It is fine, I was wrong to suggest that it is little more than the idea. It is a fun useful idea with some plot ideas and 'possible' things tossed into to make this a tool as well as idea.
So well done.
However, The post-starts with a description of a village that one might find in a travel log in the world of Hairy trees. But you don't realize a village in the write up, and with no resolution, narrative or strong imagery (aside from the teaser) this write up doesn't paint a picture or tell a story. Thus you have a bit of false advertising with the title cause we don't get a village, we get the baby idea. It could be the apartment building of baby cabinets or the space station of baby bulkheads.
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But it is a FANTASTIC idea, this plot device could be used to explore issues of affection versus paternity, racism, maternal instincts, the right to have a child versus the ability to raise a child, the fear of being saddled with a family or the inexplicable nature of life itself. I would love to colab on a bigger write up.
There is lot of information presented in here. I love that we get a lot of the information through the backchannels of the piece and not in the direct delivery. We have natural born wizards, a constant battle between the will of men (or ten year old boys) and the will of nature that wants to burn up the citizens, and shadow beasts the make are agents of human sacrifice. We also have consistent voice in the piece.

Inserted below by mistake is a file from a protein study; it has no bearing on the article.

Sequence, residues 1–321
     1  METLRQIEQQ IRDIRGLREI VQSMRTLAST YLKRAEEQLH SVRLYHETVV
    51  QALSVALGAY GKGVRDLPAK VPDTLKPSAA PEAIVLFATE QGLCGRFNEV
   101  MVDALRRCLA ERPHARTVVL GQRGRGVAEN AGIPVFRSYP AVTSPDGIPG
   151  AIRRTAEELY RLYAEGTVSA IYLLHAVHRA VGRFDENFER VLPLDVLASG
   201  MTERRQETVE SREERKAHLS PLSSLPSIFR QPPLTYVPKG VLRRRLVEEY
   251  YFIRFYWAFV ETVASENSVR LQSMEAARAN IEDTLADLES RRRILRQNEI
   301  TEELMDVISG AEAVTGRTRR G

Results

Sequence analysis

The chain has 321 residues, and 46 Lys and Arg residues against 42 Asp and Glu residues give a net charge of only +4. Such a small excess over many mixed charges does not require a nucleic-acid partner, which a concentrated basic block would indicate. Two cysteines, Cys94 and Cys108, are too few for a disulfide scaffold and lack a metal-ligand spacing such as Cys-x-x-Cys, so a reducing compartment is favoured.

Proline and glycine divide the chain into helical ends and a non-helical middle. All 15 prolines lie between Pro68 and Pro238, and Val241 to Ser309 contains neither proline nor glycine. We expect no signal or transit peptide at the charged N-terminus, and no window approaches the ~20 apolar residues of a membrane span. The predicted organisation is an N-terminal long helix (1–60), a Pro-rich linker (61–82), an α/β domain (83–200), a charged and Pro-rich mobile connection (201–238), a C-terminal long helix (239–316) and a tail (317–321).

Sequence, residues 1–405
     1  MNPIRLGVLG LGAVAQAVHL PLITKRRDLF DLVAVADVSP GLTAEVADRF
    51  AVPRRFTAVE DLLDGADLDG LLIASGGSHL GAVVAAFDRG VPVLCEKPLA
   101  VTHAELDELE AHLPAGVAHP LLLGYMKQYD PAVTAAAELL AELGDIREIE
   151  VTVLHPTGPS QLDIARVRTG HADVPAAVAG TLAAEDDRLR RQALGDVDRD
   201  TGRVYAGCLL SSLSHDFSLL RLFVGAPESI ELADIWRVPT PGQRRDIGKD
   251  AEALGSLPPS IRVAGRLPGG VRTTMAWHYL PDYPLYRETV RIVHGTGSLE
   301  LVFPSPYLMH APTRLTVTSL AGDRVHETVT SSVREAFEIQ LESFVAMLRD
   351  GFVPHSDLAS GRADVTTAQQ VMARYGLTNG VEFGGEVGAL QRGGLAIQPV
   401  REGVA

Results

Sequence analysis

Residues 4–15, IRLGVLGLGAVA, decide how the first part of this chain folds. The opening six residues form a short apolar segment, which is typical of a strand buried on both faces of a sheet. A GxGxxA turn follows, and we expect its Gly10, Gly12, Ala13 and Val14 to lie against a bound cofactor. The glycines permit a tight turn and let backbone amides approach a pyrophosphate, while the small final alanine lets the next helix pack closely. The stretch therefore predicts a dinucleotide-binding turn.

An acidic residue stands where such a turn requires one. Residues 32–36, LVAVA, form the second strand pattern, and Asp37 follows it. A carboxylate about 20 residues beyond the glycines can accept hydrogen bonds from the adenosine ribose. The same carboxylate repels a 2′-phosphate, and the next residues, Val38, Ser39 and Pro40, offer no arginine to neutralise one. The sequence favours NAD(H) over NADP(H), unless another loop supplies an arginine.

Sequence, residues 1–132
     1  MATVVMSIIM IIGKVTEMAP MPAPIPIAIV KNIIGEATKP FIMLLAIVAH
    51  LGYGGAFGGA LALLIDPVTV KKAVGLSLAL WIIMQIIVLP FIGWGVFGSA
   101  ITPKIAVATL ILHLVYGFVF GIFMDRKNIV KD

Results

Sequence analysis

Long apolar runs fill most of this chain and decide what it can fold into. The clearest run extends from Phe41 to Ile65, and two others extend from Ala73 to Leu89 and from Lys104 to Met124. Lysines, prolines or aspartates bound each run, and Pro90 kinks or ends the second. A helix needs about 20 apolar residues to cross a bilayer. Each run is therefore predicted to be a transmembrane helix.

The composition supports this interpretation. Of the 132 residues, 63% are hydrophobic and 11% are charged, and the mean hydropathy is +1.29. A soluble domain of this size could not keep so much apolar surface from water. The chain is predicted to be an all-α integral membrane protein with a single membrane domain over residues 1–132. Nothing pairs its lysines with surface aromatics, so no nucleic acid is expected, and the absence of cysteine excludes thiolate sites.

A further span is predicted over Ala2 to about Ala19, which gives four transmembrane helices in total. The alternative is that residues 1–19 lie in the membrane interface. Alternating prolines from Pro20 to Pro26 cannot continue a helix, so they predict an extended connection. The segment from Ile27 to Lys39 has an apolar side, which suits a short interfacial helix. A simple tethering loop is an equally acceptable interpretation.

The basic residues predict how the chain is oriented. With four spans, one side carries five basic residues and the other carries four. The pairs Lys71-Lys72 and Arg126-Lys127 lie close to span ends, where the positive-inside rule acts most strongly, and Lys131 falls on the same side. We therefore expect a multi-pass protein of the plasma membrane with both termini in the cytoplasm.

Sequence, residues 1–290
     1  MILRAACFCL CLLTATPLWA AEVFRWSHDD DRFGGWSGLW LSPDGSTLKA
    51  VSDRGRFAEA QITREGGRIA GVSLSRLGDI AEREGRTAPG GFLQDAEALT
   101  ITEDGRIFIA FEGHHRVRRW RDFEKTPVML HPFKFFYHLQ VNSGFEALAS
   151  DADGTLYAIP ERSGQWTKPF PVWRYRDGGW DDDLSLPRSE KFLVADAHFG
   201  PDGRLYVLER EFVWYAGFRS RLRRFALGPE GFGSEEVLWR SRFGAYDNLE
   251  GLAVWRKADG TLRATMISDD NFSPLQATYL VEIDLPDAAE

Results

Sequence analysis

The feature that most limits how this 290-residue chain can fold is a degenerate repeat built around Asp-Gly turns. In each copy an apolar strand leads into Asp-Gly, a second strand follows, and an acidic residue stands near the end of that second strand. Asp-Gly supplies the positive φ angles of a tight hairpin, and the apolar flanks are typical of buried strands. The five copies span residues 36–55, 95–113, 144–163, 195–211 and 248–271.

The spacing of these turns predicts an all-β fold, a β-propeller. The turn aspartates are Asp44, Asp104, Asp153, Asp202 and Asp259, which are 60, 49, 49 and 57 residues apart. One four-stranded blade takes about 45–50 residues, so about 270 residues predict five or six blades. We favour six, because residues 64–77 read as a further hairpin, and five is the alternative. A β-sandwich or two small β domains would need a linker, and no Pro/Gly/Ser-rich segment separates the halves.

You see the person telling us about the road and the city is same person who knows all the secrets. But that is unknown to us at the beginning of the pieces, because the speaker uses a very passive voice and asserts almost a second person perspective. He also tends to repeat himself and by repeat himself I mean say the same thing two different ways, like saying it twice or three times. You see this repetitive voice, it gives you the sense that there is a bit a folktale quality to story. You are a little more tolerant of uncertainty when your narrator is a little folksy.
But what is the narrator’s point? Why is he telling us this story? I am 100% behind writing game stuff like a writer first not a like a gamer. That demands consistent voice, considerations of perspective and bias. You have done that here, and I love it. But I don’t know what the narrator is getting at besides few cheap surprise moments (clean skeletons, the guy coming back after the event, or the boy blowing up his town). Using this narrator’s voice, you use twice as many words or more than you probably need to describe the town.
The use of voice would be even stronger if there was more back channel delivery of information and you might achieve this if we knew a little more about the narrator and his intentions.
How does the narrator know all this?
How can this narrator, who drops so may little “surprises” on by taking the round about way to get to his/her point and not end this story with climax or a hook? You have weak ending that does not fit the tone of the rest of the piece. The piece by its nature promises a reveal and it does not give us one.